IMO, not really worth the effort, what with so much commercial brass around.
That said, I did keep a couple of gallon sized zip lock bags of it, in my own hoard, because, well, you never know.............
 

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I had a lot of the 1918 era ammo from an old "box o crap" . Very little no interest in buyers, and I shot it up in a Thompson. Pretty much all went off. Yes, it is corrosively primed. I have shot 30s, 40s and 50 s era ammo- no issues . We shot 60s 70s and 80s era ammo when I was in the Navy - just went bang. I am reloading 45 now, and run into brass from the 1915-1918 era all the way through 80s in my brass pile. ( most all fired by me) I have not seem to have had any issues with any primer pockets.
 

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Might be interesting to start a thread in the Military History forum and see if anyone has the figures for just how much surplus stuff the US had "On hand" at the end of WWI.
I recall reading (Hatcher, I think) that the mountain of 30-06 lasted until 1924 or 1926 (maybe, its been awhile since I read this), there obviously was no shortage of 45ACP, cans of the 1918 dated stuff are still showing up 100 years later.
Web gear was highly stocked, as well, magazine pouches and other bits are still available on the secondary market as unissued (although after 100 years they are a bit shopworn....LOL).
Might be an interesting comparison in production capacity between the first and second world wars.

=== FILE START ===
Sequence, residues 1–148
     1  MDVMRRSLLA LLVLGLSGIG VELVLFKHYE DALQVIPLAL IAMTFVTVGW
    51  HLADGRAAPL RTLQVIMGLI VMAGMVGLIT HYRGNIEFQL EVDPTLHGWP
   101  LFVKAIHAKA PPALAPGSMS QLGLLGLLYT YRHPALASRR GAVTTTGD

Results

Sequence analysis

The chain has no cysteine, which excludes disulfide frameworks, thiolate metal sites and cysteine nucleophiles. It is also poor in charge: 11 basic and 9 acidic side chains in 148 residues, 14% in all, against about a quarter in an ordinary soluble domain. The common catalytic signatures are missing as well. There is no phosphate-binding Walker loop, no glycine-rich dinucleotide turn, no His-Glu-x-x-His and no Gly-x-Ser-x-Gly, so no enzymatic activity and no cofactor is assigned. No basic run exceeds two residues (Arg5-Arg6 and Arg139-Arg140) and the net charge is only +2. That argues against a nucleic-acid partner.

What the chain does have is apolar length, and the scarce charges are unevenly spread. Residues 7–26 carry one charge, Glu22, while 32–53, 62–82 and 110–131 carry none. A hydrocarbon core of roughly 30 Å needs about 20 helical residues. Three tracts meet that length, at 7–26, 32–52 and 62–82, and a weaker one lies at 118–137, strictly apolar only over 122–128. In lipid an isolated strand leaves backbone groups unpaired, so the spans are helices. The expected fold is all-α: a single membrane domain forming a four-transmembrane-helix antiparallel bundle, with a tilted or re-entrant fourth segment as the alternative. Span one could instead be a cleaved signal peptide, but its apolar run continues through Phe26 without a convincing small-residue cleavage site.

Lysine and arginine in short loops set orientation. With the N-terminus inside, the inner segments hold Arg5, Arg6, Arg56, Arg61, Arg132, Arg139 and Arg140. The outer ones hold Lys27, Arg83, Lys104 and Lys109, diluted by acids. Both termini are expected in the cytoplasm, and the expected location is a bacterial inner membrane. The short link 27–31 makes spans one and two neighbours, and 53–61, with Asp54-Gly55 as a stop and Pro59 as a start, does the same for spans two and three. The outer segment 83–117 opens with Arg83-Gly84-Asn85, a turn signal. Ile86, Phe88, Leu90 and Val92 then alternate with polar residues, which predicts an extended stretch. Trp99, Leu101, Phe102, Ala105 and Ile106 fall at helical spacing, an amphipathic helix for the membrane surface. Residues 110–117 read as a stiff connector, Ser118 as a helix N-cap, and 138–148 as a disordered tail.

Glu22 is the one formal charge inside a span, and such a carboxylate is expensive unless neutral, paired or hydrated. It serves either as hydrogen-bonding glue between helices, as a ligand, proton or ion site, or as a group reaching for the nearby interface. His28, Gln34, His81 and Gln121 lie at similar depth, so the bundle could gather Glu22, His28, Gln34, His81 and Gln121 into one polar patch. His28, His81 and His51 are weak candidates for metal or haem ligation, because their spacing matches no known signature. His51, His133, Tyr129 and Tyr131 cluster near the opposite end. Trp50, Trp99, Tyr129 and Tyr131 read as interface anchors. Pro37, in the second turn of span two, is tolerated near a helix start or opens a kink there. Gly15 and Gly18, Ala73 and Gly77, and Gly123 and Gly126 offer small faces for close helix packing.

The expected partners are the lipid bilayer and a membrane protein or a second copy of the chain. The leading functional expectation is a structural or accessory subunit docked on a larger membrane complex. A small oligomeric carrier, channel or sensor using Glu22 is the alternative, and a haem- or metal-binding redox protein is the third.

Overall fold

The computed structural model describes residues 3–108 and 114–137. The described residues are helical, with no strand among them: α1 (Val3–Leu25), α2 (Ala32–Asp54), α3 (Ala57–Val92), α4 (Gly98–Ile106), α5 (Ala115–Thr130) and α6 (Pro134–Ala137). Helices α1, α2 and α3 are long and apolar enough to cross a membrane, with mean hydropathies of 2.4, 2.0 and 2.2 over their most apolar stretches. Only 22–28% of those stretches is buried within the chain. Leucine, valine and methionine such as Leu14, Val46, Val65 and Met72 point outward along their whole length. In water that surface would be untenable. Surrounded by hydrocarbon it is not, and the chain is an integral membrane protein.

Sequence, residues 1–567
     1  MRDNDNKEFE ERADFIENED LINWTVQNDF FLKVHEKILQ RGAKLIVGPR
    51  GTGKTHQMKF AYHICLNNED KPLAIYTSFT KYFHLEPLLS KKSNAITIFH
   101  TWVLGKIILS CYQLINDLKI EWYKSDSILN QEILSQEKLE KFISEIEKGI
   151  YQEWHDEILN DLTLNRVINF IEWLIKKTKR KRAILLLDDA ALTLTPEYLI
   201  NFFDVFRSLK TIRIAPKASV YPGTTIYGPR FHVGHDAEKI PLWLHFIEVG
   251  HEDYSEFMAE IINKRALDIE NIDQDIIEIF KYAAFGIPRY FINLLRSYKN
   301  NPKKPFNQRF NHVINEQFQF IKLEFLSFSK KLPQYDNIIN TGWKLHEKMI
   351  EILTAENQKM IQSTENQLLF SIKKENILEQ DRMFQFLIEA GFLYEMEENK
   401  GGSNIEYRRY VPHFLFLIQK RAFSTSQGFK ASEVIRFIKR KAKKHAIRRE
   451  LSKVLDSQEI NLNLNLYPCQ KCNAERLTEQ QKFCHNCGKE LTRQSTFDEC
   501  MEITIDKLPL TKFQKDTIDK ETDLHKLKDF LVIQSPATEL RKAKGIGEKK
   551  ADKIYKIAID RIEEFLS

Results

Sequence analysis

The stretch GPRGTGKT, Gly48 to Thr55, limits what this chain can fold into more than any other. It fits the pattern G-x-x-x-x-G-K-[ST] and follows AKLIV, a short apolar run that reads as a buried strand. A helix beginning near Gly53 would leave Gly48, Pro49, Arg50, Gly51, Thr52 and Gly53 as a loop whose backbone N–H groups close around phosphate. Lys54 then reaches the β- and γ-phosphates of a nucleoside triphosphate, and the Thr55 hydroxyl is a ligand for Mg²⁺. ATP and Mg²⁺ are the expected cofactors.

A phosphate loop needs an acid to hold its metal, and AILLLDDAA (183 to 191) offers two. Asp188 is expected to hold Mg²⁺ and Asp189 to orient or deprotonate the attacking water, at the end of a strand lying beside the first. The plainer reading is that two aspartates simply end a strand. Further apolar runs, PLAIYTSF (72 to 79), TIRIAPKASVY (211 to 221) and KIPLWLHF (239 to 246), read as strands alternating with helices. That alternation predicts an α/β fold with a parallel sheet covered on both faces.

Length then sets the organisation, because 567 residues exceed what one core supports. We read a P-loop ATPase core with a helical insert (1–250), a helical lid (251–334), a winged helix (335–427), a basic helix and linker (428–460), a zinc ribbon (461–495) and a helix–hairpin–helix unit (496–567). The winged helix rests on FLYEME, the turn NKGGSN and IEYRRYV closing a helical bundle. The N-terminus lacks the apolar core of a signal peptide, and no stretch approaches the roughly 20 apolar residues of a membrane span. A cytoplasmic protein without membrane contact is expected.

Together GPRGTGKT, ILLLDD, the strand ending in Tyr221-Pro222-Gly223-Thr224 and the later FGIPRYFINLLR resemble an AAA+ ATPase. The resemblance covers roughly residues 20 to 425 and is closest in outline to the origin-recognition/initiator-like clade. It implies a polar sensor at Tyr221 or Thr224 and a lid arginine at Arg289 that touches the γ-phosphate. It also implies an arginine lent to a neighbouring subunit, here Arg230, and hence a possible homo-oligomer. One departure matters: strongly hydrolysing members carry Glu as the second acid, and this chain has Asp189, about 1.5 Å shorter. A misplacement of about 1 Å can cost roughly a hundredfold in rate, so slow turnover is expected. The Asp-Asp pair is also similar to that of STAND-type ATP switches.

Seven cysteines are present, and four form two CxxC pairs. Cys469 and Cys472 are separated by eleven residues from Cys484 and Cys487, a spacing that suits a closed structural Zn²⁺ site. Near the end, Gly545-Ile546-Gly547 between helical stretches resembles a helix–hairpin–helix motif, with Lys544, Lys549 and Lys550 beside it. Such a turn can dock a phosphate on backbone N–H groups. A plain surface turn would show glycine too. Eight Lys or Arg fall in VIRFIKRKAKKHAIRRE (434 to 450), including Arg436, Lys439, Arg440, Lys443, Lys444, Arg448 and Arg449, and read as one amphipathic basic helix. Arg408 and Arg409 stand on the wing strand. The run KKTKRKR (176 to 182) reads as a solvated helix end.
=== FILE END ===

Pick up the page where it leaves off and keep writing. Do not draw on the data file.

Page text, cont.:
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I have a few cartons of .45 acp ammo packed in 16 round cartons. The rounds are in double rows with 8 rounds in each row. I'm not sure of the date stamps on the case heads but I believe they are WWII vintage. These cartons were given to me at least 30 years ago and I've never shot any of it thinking it is corrosive ammo. I'll dig them out and check for head stamp dates. In the original cartons do these have any collector value ?
 

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So, last weekend at my club someone shot up some vintage 30-06 and left the brass behind.
I found 13 FA 26 head stamps and 2 RA 57 head stamps.
Normally I would have left them in the bin but, remembering this thread, I collected them up and took them home.

Upon processing them, I found that all had crimped primers but the FA head stamps were also undersized.
This discovery answers my question about primer size in the FA ammo, both pistol and rifle primers were undersized, at least until 1926.
The RA 57 head stamps only needed the crimp removed the primer pockets were standard size.

This is probably "old news" to ammo collectors and to those who have been in the game longer than me but "old news" tends to be forgotten after a decade or two.
 

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Learn something every day! I’ve been loading for 60 years and had not heard that FA used an odd size primer. I know that the EC steel 45 ACP also uses an undersized primer. Is it the same size as the FA?
 

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IIRC, the primers on FA .45ACP cases Mic out at .205 as opposed to .210 for the now standard size.
I now know that the large rifle was the same.
Why this size was chosen back then is unknown to me although I'm sure the reason is buried in some reference book somewhere.
Not that this information is of any great concern to anyone except ammo collectors, I mean, how often are any of today's shooters going to come across any quantity of such vintage brass these days?
I believe you are correct though, the steel cased EC headstamped stuff is also the .205 primer, as I recall, I had to open those up as well.